The Birthplace of Halloween
The site of Tlachtga (aka Tlachta) on the Hill of Ward, in County Meath, Ireland is believed to have been the first site of the celebration of Samhain, the precursor to our modern Halloween. The ringfort dates from around 200 AD but festivals and rituals at the site may have taken place as far back as 1000 BC. Priests, augurs and druids used to assemble there to light the winter fires of the Great Fire Festival on Samhain eve. Under penalty of law, all fires that were lit within the kingdom that night were to be kindled from the fire at Tlachtga. Samhain was a festival celebrating the dead and it also marked the beginning of the Celtic New Year. It was during this time that the Irish believed that the graves would open and their gods and spirits, who dwelt inside, would walk the earth again. The emerging of creatures from a cave, Oweynagat, (Ireland’s so-called ‘gate to hell’) is part of this belief.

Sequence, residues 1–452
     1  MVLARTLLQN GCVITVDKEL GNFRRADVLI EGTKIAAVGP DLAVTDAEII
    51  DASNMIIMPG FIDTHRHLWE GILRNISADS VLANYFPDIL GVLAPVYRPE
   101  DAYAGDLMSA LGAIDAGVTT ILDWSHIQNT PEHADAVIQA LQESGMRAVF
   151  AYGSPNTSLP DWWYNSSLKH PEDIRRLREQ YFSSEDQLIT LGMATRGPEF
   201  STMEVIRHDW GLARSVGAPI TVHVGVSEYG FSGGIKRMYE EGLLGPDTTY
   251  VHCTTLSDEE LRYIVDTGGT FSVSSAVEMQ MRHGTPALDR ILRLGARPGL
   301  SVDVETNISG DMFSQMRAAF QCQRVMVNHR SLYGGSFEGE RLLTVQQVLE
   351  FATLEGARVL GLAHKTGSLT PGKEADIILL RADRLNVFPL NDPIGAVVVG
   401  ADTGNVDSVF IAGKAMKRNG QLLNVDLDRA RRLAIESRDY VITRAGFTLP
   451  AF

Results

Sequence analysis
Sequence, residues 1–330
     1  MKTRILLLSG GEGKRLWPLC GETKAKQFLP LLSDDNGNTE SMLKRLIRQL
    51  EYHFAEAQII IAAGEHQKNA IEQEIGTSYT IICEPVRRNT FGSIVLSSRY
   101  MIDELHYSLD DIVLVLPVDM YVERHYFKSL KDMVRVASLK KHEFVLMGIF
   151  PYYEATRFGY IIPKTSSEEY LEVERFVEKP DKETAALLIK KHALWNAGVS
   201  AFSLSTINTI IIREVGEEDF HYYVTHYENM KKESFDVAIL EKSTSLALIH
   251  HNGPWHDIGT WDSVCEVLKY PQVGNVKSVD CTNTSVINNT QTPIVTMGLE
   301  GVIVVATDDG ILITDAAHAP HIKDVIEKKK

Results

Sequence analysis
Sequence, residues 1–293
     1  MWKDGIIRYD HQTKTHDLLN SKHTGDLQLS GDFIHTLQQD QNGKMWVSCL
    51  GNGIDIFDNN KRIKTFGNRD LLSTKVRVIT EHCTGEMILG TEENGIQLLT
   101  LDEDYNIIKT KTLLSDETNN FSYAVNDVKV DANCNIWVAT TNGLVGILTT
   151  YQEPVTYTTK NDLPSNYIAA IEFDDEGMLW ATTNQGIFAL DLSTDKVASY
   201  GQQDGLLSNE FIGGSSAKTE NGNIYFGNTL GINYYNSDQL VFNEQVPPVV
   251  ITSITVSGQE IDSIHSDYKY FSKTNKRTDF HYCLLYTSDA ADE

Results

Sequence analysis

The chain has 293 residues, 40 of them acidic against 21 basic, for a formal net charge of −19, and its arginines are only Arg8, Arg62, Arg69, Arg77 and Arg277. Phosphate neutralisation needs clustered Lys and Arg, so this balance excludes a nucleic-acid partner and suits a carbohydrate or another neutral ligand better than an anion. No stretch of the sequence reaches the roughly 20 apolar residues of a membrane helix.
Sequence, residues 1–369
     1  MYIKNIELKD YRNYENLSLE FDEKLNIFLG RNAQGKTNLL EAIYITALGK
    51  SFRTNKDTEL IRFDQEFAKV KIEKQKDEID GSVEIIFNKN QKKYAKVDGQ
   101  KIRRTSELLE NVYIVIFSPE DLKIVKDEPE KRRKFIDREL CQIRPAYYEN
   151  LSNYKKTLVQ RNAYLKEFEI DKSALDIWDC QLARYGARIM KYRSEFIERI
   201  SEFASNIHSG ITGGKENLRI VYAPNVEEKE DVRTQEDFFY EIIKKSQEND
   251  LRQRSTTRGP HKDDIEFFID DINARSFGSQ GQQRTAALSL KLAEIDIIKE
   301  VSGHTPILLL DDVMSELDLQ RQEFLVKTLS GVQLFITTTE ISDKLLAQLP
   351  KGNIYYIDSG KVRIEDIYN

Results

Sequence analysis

The site takes its name from Tlachtga the daughter of the Druid Mug Ruith who died there giving birth to triplets. It was known in medieval Ireland as a place where Mug Ruith’s flying machine Roth Rámach had been seen, and where the Ard Rí (High King of Ireland) Ruaidrí Ua Conchobair had held a massive assemblage in 1168. He was the last High King of Ireland before the Norman invasion. It’s one of only three similar sites in Ireland; the others being the nearby Hill of Tara and Rathcroghan in County Roscommon.